Sharpe Hill ~ Reds and Dessert Wines

Marguerite BarrettSharpe Hill Vineyard, Pomfret, CT / Photo: Marguerite Barrett
Contributing Writer

Continued from Tuesday, October 6, 2009

Ballet of Angels may be Connecticut’s best-selling wine, but both Christy and I found ourselves much more taken with Sharpe Hill’s reds than with any of their whites.  First up was their best-selling red,

Red Seraph A blend of Merlot and St. Croix, this is a dry medium-bodied wine that will pair well with a wide variety of foods.  The nose is very spicy with notes of pepper and smoke.  In the mouth, the wine is smooth with light smoke and notes of dark stone fruits and a spicy finish.  The Merlot grapes provide body, while the St. Croix provides a crisp bite at the end which gives the wine some interest.  Not my favorite red, but I did like this wine.

Red Seraph 2006 Vintage Merlot Also a blend of Merlot and St. Croix, there is a greater percentage of Merlot in this blend making the wine smoother and richer overall than the Red Seraph.  That being said, this was my least favorite of all of the reds.  Both in the nose and the mouth I detected notes of cherry, although they are more subtle in the mouth than on the nose.  The oak is more subdued producing very light notes of smoke.  It’s not a bad wine, but in general I didn’t find it as complex or interesting as the other reds, particularly the next two…

Cabernet Franc 2006 This and the St. Croix 2006 (see below) were hands-down my two favorite wines of the afternoon.  I have been finding myself drinking a lot of Cabernet Francs lately, and this was one that made it on my list of “wines to come back for.”  Medium-garnet in color, the nose is rich and spicy with interesting notes of tobacco.  The mouth feel is lush and silky, and on the palate the wine is smooth with a smokey spiciness that balanced the light fruit notes of dark berries nicely to produce a wine with interesting character and depth.  Christy starred this as one of her favorites of the afternoon as well.

St. Croix 2006 100% estate grown, the St. Croix is the second of my two favorite wines of the afternoon.  Also a medium garnet color, the St. Croix is a fuller-bodied wine, with a soft, lush mouth feel.  The nose is soft with subtle notes of berries which are also detectable on the palate before the wine finishes with intriguing notes of licorice.  The licorice provides both a bite and a hint of sweetness that made the wine more interesting.  Our host indicated that this wine pairs well with game as well as with more traditional dishes such as beef or lamb.   While I really enjoyed this wine, Christy was less impressed, finding a lot of sediment at the bottom of her glass.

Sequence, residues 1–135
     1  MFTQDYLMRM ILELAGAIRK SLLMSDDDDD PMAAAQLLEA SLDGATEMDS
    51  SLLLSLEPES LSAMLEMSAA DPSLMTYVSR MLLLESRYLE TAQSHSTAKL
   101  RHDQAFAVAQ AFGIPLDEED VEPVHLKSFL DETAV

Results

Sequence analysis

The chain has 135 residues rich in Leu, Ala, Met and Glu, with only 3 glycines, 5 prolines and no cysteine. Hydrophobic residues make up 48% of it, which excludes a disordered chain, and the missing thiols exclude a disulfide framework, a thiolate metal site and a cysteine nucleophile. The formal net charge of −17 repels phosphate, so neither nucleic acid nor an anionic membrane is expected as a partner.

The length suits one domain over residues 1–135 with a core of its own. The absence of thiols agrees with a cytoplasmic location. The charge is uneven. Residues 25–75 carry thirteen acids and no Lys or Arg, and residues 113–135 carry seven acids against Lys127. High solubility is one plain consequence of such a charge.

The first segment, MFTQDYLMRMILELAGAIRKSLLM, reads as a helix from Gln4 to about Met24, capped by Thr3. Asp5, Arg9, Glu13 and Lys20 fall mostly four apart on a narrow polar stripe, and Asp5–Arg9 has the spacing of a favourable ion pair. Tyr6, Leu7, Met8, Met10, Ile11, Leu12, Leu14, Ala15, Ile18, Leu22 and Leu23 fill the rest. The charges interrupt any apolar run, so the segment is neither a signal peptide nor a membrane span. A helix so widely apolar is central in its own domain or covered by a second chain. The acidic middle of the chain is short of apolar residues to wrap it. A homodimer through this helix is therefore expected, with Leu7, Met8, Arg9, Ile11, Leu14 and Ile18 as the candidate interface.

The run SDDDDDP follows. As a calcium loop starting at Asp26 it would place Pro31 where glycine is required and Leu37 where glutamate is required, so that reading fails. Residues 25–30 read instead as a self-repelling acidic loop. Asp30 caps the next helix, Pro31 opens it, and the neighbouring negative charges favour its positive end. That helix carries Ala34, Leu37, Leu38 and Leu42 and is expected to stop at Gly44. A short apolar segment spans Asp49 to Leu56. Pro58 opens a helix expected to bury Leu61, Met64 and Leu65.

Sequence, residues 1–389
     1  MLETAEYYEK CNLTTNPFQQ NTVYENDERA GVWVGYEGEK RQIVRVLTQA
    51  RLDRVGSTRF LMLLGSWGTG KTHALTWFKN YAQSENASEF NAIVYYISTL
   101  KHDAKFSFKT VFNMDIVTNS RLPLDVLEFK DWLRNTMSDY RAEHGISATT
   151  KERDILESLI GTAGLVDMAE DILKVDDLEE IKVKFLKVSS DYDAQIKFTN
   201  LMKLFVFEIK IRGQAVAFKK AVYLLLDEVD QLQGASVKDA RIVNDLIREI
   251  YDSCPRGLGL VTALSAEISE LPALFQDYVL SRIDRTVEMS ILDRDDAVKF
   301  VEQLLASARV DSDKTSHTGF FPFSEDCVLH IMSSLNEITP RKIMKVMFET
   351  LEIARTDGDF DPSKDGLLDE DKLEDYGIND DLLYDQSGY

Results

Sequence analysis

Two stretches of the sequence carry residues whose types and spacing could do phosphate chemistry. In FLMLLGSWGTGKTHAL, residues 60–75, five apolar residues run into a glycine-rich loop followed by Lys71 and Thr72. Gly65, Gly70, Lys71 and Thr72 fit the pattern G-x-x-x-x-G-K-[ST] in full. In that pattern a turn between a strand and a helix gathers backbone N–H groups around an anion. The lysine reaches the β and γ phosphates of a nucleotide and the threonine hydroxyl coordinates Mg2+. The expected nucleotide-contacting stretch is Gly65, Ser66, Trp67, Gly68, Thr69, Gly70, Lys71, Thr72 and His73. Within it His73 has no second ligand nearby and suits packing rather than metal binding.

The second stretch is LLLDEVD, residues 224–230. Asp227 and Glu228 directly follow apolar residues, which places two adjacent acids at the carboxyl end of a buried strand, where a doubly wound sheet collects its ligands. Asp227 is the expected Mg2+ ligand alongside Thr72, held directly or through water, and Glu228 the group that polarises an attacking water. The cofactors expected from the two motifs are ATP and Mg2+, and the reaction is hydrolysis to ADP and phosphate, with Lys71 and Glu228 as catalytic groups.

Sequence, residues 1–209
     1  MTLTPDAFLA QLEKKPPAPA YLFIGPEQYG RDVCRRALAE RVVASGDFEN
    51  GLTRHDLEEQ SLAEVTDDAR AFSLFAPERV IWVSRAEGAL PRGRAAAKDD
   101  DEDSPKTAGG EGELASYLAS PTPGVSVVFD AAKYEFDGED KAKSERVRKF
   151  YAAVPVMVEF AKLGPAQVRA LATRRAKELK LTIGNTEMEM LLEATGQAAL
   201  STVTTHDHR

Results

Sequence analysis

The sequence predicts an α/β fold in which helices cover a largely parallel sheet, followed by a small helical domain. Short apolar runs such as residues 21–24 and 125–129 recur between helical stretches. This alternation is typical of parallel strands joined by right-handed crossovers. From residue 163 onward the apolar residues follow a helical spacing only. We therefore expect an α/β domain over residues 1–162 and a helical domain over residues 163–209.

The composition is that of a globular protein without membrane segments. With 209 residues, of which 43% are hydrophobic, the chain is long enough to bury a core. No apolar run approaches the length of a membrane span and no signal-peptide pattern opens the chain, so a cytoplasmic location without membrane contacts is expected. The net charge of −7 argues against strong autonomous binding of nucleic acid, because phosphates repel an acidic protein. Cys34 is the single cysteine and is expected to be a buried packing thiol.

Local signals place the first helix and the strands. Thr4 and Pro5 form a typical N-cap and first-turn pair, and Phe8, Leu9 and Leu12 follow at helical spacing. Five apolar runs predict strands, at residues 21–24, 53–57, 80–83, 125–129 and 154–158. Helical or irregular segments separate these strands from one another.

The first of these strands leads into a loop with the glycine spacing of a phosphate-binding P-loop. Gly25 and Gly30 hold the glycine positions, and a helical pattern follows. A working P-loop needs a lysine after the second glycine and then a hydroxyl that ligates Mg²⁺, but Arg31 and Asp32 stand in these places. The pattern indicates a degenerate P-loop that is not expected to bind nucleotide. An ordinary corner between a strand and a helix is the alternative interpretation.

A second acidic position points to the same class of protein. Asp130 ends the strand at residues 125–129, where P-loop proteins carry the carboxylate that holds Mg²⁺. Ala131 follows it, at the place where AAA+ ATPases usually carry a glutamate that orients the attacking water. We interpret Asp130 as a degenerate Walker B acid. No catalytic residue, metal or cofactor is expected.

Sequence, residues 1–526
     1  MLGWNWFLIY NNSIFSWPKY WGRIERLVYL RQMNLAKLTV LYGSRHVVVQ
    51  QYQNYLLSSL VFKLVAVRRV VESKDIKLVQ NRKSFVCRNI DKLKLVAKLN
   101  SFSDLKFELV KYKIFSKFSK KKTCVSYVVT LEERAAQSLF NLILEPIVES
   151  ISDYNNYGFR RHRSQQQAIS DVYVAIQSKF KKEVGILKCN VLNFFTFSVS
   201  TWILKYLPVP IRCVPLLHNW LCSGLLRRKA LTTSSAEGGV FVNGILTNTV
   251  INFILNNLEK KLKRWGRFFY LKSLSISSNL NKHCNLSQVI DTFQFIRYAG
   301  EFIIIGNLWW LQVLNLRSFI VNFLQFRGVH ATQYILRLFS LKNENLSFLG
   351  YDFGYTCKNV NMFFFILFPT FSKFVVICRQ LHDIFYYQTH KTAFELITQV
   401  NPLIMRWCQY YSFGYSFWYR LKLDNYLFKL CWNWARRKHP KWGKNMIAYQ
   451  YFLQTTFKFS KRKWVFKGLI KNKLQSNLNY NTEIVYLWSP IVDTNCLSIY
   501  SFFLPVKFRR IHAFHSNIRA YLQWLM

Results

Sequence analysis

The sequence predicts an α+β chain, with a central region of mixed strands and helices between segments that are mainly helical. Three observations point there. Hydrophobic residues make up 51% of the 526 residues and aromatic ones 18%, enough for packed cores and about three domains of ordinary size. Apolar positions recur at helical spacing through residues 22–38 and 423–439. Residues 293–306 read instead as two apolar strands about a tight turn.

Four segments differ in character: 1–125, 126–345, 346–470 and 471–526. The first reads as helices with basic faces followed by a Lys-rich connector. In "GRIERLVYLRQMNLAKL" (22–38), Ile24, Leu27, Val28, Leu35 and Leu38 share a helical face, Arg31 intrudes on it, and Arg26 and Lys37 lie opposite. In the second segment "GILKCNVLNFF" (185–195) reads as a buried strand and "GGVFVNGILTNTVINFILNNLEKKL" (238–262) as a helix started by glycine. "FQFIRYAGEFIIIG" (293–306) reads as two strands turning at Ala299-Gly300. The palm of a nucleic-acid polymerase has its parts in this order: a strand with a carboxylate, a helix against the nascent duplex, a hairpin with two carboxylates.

That concluded the reds but not the tasting as we cleaned our glasses and settled in to enjoy dessert in the form of the last two wines on the menu.

Select Late Harvest 2006 An estate wine made from 100% Vignole, this is a really, really nice late harvest wine.  Rich, lush and sweet, the color is a lovely orange-rose color that catches the light nicely.  The nose is subtle with soft notes of fruit which blend nicely in the mouth.  No one fruit note is predominant, and the result is a smooth, balanced wine that would be excellent on it’s own or paired with desserts, cheeses or fruits.

Pontefract 2006 This is a port-style dessert wine with rich notes of chocolate in both the nose and the mouth.  Very smooth, I found it not as rich as other ports and the mouth feel wasn’t quite as lush as I expect.  Made from 100% estate-grown St. Croix grapes, despite being a dessert wine,  the Pontefract retains that interesting final bite that one finds so often with St. Croix.

Both the Select Late Harvest and the Pontefract are produced in more limited quantities and neither are available by the case, and the Pontefract is limited to three bottles per customer.

As the tasting ended, we sat back and took stock of the afternoon: the American Chardonnay and the Cabernet Franc were our favorite white and red, and runners-up in the “wines we’d come back for” category also included the Cuvee, the St. Croix, the Red Seraph and both (or either) of the dessert wines.

All in all one of the more successful – and relaxed – Win(e)ding Road afternoons.

Sharpe Hill vineyards / Photo: Marguerite Barrett

Sharpe Hill ~ White and Rosé

Marguerite BarrettSharpe Hill, Pomfret, CT / Photo: Marguerite Barrett
Contributing Writer

Continued from Thursday, October 1, 2009

Christy and I normally head out on a Saturday or Sunday afternoon, so being able to go during the week was a bit of a treat.  Normally we head out on the Win(e)ding Roads once a month; we’d love to do more, but what can I say, life intervenes.  And even though Connecticut is a small state, we often are looking at an hour’s drive just to get over to the wine trails – so we generally plan a route that allows us to hit several wineries and get the most of the trip.

But we were on vacation, and this was somewhat spur of the moment.  It was a freebie, if you will, and while we had the address of a second winery plugged into the GPS, as we pulled into Sharpe Hill, it was with a sense of leisure – it didn’t really matter if we decided to stay all day.